Except for one thing.  Patients are NOT customers.

The definition of a “customer” is a person or entity that obtains a service or product from another person or entity in exchange for money.  Customers can buy either goods or services.  Health care is classified by the government as a service industry because it provides an intangible thing rather than an actual thing.  If you buy a good, like a car, you voluntarily decide to shop around and get the best car you can for the price.  Even a vacation, especially a vacation package or a cruise, is a good.  A nice dinner, while a good in the sense of the food, is also a service.  You buy the services of the cook and servers.

Here is why the patient shouldn’t be considered a customer, at least not in the business sense.

1. Patients are not on vacation.  They are not in the mindset that they are sitting in the doctors office or the hospital to have a good time.  They are not relaxed, they have not left their troubles temporarily behind them.  They have not bought room service and a massage. They are not in the mood to be happy.  They would rather not be requiring the service they are requesting.  Which leads to number 2:

2. Patients have not chosen to buy the service.  Patients have been forced to seek the service, in most cases.

3. Patients are not paying for the service.  At least not directly.  And they have no idea what the price is anyway.

4. Patients are not buying a product from which they can demand a positive outcome.  Sometimes the result of the service is still illness and/or death.  This does not mean the service provided was not a good one.

5. The patient is not always right.  A patient cannot, or should not, go to a doctor demanding certain things.  They should demand good care, but that care might mean denying the patient what the patient thinks he or she needs.  The doctor is not a servant; she does not have to do everything the patient wants.  She is obligated to do everything the patient needs.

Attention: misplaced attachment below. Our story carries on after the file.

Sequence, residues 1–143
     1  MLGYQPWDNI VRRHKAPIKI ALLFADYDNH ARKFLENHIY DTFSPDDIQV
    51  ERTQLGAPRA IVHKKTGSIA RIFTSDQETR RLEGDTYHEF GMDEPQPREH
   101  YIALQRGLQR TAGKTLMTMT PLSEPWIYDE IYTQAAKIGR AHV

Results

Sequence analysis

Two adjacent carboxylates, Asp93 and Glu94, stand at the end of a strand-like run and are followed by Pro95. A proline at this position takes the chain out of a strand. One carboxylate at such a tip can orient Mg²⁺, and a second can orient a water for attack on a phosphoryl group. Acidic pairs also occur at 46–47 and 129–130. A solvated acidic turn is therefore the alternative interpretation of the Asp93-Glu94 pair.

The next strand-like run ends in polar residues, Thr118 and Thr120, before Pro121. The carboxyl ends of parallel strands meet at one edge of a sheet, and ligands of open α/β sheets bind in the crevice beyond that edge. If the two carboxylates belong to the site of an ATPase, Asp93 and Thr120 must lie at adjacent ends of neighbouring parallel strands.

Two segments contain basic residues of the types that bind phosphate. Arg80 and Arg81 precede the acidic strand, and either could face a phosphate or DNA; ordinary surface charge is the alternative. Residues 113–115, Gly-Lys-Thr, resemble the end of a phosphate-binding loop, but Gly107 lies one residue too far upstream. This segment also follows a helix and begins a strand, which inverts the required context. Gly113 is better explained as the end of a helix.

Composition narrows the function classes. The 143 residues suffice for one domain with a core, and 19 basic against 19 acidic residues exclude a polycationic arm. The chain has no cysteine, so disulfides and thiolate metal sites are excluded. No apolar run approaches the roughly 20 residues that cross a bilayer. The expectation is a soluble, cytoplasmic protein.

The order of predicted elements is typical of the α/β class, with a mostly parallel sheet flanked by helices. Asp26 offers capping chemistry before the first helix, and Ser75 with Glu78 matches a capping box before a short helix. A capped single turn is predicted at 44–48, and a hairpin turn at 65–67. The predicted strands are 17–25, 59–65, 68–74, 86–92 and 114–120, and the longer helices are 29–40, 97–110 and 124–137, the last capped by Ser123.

6. Patient satisfaction does not always correlate with the quality of the product.A patient who is given antibiotics for a cold is very satisfied but has gotten poor quality care.  A patient who gets a knee scope for knee pain might also be very satisfied, despite the fact that such surgery has been shown to have little actual benefit in many types of knee pain.

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Congress Can’t Solve the EHR Interoperability Problem

Niam YaraghiRep. Mike Burgess (R-Texas) has released a draft bill entitled “ensuring interoperability of qualified electronic health records” in which interoperable (Electronic Health Records) EHRs are defined as those that do not block sending and receiving data to and from other EHRs and provide users with complete access to the captured medical data. The draft bill proposes that detailed methods to assess interoperability be defined by a “Charter Organization.” According to the draft bill, this Charter Organization shall consist of one member from each of the standard development organizations accredited by the American National Standards Institute and representatives that include healthcare providers, EHR vendors, and health insurers. To keep its certification after January 2018, an EHR vendor should comply with the definitions of the Charter Organization, publish API’s to enable data exchange with other EHRs and attest and demonstrate that it has not willfully interrupted data exchange with other EHRs. The draft bill suggests that the Inspector General of HHS shall have the authority to investigate both EHR vendors and medical providers with regards to claims that they have interrupted interoperability.

The proposed Charter Organization will not be successful.

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Google Algorithm to Favor Websites That Work on Mobile Devices

Screen Shot 2015-03-22 at 10.28.41 AM
In a major update, the search giant has announced that on April 21, the algorithm will be updated to favor websites that are designed to work on both mobile and desktop devices, now often referred to as Responsive Website Designs.

Does your practice have a responsive website?

Google has had multiple mobile initiatives, including the GoMo campaign where the company provided free tools to help small businesses build websites that worked on mobile devices without the dreaded pinching, resizing, and squinting. That campaign had limited success because the technology didn’t quite work as elegantly as possible, but just last week Google took its most aggressive approach yet by declaring that they were going to start penalizing websites that did not have mobile capabilities.

Once referred to as mobile-friendly website design, geeks refer to it simply as responsive website design now. So how does one get a mobile-friendly, er, responsive website?